“The most revolutionary part of the Scientific Revolution was that we use a metaphor of a revolution to describe it.” That conclusion was very provocative to me. As products of their time and culture, and as aware and critic of themselves and their environment, the scientists during the Scientific Revolution started using the word revolution to explain their circumstances. “Revolution” was not only used as a metaphor to challenge the past and current standards and establish a new scientific outlook, it was also used as a cyclical historical term to describe a pattern.
During the Scientific Revolution, knowledge stopped being about enlightenment and faith and started being about experiments and testing. Although the theories were abstract and mathematical in nature, they were able to be tested physically with experiments. Everything could be put to the test in this process of discovering new principles through empirical methods and mathematical analysis. Bacon, Galileo, and Descartes created the foundations of thinking about our thinking about the world and established a new approach to methodological inquiry. This new paradigm echoed the rise of humanism during the Renaissance, which questioned religious authority and emphasized the capacity of individual human beings to understand the world. The Scientific Revolution relied heavily on a capacity for abstract thinking and a precise use of language in order to become such a powerful period in history.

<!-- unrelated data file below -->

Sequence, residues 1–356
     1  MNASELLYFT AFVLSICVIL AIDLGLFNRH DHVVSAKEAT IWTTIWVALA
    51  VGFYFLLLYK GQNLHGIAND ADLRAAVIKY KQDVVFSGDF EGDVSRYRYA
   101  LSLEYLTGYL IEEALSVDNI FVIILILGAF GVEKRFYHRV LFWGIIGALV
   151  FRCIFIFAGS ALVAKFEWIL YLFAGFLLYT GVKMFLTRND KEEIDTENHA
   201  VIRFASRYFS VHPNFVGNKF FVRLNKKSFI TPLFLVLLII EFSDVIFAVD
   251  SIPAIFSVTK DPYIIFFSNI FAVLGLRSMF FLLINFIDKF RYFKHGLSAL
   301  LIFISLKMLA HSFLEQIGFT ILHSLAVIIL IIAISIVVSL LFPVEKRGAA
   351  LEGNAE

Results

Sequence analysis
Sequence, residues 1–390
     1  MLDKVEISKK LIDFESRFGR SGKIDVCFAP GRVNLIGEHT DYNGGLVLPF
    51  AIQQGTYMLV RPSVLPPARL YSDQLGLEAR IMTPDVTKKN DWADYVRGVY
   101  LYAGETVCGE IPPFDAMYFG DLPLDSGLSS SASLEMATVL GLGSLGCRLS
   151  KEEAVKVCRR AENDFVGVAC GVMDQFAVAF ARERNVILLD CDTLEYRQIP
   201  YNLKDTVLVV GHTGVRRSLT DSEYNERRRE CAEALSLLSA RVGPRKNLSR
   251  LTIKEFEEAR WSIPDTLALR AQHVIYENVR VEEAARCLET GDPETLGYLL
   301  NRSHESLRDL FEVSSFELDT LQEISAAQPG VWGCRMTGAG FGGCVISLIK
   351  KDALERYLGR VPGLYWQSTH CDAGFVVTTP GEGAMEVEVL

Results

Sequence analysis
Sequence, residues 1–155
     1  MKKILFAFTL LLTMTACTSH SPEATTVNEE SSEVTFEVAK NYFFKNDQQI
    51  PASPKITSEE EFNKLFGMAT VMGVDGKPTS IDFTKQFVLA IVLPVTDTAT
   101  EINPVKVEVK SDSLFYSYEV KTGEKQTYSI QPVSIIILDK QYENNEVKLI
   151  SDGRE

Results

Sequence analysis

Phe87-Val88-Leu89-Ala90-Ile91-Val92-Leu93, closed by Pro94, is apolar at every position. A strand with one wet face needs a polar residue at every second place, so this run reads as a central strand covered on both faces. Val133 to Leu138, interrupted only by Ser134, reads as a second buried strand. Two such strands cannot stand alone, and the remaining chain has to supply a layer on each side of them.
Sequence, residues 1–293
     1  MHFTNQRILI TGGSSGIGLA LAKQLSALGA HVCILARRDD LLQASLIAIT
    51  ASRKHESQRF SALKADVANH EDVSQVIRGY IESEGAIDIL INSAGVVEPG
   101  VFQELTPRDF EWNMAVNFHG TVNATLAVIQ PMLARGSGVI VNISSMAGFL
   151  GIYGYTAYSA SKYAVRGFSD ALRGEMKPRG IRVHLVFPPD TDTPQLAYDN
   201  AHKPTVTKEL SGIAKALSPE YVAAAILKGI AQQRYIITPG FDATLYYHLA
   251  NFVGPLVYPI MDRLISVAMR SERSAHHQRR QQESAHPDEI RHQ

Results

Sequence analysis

According to Chalmers Brothers and Vinay Kumar, language is a tool we cannot stop using because we need it to use all other tools. Language does not only communicate and describe; by making distinctions, it creates, generates, and provides us access to conceptual breakthroughs. By acquiring distinctions and giving them a name, we discriminate between things we didn’t see as different before. New ways of seeing things allow us to do what we could not do before. In short, language and distinctions give us access to knowledge. Once you have the distinction, you have created the conceptual space for understanding and access breakthroughs. The thinkers of the Scientific Revolution realized they were living a turning point in modern science and culture, they were aware of the distinction, and named that distinction “revolution”. Even though the word could be used in different contexts (to roll back, to return, overturning, as an astronomical term…) and could take the form of different truths, it contributed to understanding and thinking about the world.
Centuries later, we continue to enhance and discover new meanings to the distinction made by the phrase “Scientific Revolution” using new analytical methods through data. We can now see we weren’t able to see before and distinguish deep structures and patterns in history. By reinterpreting the Scientific Revolution in terms of language we uncover a pattern of a continuing process of change as a critical part of history.